Philae lander faces deep freeze in deep space
Probe expected to wake up as comet gets closer to sun in February or March
Scientists expressed confidence today that the Philae lander will wake up once the comet it is riding gets closer to the sun in early 2015.
The question, said Jean-Pierre Bibring of the Institut d'astrophysique spatiale in France, is whether its delicate insides will still be in working order after months in the deep freeze of space.
The probe bounced upon landing last month on the comet known as 67P/Churyumov-Gerasimenko, and came to rest in the shadow of a cliff, depriving it of much of the solar power it needs to operate. Philae went to sleep a few days later when its main battery went dead.
- Lander results reveal comet 67P surface is hard ice
- No communication from Philae lander
- Philae's comet landing 'thud' recorded
But nothing was broken during the "acrobatic" landing, said Bibring, one of four scientists connected to the European Space Agency project who provided an update during a news conference Wednesday in San Francisco.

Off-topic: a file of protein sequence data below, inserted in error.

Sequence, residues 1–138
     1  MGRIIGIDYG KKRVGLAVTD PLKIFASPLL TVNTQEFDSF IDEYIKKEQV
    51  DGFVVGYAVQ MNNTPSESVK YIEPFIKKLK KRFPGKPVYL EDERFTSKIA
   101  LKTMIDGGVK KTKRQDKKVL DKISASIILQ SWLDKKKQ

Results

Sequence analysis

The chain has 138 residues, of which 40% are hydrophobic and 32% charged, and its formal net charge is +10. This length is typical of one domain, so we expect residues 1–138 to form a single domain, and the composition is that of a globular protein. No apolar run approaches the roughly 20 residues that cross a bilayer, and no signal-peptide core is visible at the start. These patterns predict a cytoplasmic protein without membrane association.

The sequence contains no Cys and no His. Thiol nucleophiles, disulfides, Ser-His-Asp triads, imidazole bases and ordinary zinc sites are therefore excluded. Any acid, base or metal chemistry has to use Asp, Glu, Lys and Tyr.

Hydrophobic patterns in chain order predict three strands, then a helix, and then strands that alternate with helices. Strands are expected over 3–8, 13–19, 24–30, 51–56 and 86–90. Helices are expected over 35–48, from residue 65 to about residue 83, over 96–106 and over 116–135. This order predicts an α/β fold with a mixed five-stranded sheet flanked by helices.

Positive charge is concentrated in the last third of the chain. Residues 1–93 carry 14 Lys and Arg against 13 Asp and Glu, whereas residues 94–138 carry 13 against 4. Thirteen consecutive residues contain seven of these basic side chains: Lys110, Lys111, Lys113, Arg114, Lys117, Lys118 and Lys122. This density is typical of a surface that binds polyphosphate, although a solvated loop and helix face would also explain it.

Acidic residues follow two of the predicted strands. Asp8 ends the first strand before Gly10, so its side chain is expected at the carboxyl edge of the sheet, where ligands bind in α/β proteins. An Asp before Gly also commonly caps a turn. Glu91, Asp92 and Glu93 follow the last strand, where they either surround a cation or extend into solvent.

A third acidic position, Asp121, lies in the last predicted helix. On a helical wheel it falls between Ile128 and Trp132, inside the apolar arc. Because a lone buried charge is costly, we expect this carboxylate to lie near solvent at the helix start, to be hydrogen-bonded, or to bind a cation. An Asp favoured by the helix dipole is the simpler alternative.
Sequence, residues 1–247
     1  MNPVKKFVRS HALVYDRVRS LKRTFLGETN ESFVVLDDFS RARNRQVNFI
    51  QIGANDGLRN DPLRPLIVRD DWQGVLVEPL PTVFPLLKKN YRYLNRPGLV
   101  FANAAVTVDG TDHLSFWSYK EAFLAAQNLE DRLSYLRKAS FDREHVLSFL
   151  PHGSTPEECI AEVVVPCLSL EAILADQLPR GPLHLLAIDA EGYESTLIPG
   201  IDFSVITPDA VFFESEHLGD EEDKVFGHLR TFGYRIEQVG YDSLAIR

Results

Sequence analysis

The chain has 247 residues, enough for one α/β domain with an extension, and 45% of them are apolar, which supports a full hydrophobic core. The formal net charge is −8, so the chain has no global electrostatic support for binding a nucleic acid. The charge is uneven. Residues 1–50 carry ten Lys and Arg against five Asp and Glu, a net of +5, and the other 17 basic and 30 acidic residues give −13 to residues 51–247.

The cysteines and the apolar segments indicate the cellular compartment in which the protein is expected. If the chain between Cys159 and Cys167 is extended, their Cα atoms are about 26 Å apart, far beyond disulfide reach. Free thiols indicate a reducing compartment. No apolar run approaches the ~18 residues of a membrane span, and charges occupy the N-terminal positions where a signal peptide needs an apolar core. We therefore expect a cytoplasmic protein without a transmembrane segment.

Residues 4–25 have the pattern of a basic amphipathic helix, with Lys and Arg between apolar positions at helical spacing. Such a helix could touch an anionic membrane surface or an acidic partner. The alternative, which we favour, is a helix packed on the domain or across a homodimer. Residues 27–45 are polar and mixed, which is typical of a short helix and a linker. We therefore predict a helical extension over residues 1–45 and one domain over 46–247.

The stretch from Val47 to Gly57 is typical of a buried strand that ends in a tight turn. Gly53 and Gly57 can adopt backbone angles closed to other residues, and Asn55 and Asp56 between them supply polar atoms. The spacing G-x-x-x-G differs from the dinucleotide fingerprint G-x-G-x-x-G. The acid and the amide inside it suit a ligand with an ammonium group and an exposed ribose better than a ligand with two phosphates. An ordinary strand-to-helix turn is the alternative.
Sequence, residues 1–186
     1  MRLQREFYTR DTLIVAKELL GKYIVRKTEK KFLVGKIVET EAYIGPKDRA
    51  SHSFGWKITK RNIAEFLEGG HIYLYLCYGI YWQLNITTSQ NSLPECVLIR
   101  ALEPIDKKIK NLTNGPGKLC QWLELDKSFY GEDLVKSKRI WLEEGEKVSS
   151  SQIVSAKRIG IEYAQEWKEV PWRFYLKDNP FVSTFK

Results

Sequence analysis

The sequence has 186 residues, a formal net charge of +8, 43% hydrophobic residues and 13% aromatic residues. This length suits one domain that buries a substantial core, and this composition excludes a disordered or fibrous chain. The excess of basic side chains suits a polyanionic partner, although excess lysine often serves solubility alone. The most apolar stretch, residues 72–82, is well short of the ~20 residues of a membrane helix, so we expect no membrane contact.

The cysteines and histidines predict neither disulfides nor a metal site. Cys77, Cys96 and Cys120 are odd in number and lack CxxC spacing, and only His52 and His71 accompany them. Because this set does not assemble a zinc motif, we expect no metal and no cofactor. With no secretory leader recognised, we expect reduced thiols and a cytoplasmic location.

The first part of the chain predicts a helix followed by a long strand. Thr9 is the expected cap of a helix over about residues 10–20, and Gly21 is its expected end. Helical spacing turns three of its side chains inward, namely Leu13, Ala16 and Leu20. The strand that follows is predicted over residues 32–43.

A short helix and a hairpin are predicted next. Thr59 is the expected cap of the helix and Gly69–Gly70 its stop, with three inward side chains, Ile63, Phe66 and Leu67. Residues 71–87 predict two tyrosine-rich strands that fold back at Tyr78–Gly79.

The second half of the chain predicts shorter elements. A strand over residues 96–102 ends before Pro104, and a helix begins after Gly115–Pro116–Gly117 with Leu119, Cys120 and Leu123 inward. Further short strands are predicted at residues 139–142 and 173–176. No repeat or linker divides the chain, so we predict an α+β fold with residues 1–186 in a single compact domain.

"All the systems worked perfectly," Bibring said. "The deployment worked. Everything worked. So really the question is whether or not some electronics might suffer from the cold. But we think most … already went through very low temperatures."
The probe's camera can operate at –150 C, for instance, he said.
"I think we made a very robust system."
The probe is expected to wake up in February or March as the comet approaches perihelion — the portion of its elliptical orbit when it is closest to the sun.
In the meantime, there is a chance Philae could collect a few watts of power as the sun rises and sets over the horizon of the small comet. The probe needs about 15 watts to operate.
Scientists still don't know exactly where Philae landed. Its mother ship, Rosetta, continues to orbit the comet — collecting scientific data and searching for the errant lander.